Re: USA Today Article on Silver Sage and Senior Cohousing
From: Suzanne Marriott (smarriott2sbcglobal.net)
Date: Fri, 8 May 2009 16:25:31 -0700 (PDT)
In considering the demographic from which senior cohousing draws, I think what 
Theodore Roszak says in his new book, The Making of the Elder Culture, is 
relevant: “As of the first decade of the twenty-first century in the United 
States, 8,000 people who were born between 1946 and 1964 – the baby-boom 
generation – began turning 60 every day.” In response to Bob Morrison’s post, I 
believe we have more than enough people to reach a “critical mass” for senior 
cohousing.  Roszak goes on to point out that as boomers reach age 60 they will 
have on average 20 to 25 years of life ahead of them, giving them a second 
chance to reshape history. He writes, “What boomers left undone in their youth, 
they will return to take up in their maturity, if for no other reason than 
because they want to make old age interesting.” So, not only do we have a large 
demographic from which to draw, a very large number of these people have been 
on the cutting edge
 before, and they know how to initiate change. Roszak posits that many of the 
counterculture values of the 1960s will become relevant to our emerging 
elder-dominated society. Roszak sees senior or elder cohousing as being quite 
possibly “. . . the most attractive alternative to the isolated home care and 
semi-adequate nursing homes that were the only options elders once had.”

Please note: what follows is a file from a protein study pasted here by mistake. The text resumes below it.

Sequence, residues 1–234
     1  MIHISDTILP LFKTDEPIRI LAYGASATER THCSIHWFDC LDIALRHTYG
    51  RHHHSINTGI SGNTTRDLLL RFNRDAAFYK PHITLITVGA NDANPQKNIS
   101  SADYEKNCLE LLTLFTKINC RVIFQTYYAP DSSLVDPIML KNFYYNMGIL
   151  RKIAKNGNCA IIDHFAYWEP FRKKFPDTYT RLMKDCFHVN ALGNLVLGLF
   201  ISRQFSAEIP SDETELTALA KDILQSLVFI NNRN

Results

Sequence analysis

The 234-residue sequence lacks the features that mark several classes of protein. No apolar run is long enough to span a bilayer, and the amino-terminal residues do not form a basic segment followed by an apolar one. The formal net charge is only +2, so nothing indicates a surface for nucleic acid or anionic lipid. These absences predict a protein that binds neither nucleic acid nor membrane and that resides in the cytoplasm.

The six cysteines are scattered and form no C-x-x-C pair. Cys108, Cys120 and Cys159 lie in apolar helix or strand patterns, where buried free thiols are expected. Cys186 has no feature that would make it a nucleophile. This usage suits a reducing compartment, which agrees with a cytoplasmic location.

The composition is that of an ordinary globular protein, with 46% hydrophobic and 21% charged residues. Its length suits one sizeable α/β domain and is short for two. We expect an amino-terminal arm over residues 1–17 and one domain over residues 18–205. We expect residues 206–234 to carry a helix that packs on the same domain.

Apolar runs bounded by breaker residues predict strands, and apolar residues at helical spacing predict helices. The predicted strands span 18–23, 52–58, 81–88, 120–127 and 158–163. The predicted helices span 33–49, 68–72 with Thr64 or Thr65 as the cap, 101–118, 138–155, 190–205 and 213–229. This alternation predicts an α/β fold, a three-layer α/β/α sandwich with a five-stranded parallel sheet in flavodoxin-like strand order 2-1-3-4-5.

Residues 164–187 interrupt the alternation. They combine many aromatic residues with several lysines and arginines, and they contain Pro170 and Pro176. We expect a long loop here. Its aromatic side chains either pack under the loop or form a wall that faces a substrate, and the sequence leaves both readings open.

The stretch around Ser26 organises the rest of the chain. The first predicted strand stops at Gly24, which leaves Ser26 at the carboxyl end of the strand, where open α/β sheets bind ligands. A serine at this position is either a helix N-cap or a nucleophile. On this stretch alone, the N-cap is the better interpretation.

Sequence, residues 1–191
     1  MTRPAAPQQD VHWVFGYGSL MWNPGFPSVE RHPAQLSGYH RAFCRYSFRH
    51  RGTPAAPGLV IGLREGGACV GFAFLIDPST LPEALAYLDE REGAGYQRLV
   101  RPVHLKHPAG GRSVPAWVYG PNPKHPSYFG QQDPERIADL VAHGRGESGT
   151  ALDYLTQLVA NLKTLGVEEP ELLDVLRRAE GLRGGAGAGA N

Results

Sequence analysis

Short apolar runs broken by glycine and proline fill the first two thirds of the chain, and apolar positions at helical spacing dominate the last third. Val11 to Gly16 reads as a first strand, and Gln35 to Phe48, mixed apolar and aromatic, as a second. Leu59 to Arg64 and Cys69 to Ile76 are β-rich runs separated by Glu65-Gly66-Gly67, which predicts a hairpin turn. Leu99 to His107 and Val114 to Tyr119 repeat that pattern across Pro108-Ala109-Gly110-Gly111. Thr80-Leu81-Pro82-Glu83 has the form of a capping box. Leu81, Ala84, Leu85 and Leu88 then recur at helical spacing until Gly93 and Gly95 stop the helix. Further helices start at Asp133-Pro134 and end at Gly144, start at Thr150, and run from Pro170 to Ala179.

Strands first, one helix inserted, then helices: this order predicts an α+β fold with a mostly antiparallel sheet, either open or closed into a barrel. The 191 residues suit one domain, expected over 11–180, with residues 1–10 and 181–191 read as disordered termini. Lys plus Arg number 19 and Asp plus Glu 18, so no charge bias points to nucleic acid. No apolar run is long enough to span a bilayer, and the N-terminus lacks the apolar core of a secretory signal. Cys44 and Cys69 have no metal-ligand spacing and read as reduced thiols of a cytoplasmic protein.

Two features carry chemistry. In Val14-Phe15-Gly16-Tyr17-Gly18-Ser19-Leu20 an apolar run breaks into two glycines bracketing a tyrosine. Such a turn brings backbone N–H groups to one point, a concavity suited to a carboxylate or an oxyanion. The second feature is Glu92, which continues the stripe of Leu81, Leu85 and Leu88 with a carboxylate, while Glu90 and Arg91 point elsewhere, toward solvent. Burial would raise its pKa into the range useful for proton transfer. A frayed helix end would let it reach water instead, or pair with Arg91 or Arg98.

I wouldn’t despair that there are only three senior cohousing developments in 
the U.S. at this time, for this is just the beginning of the senior cohousing 
movement, and it, as well as the reinvention of aging, is growing fast. Boomers 
are just getting started – again. For further inspiration and knowledge in 
these areas, in addition to Theodore Roszak book, I recommend reading Chuck 
Durrett’s new book The Senior Cohousing Handbook and Audacious Aging, edited by 
Stephanie Marohn for Elite Books.
 
I am a member of Wolf Creek Lodge senior cohousing in Grass Valley, California, 
or as we prefer to call it, cohousing for active adults. We believe in the 
power and practicality of aging in community and in pursuing a life-style that 
supports and protects our planet. Despite the financial downturn, our 
membership continues to grow even as we wait for the banks to loosen up their 
lending so we can begin construction. We have been in existence as a community 
for three years and, despite the fact that we have not yet begun to build, have 
23 of our 30 units sold. In the last two month alone, we have welcomed two new 
members and anticipate welcoming a third very soon.
 
Please take a look at our website to learn more about Wolf Creek Lodge. 
http://www.wolfcreeklodge.org.

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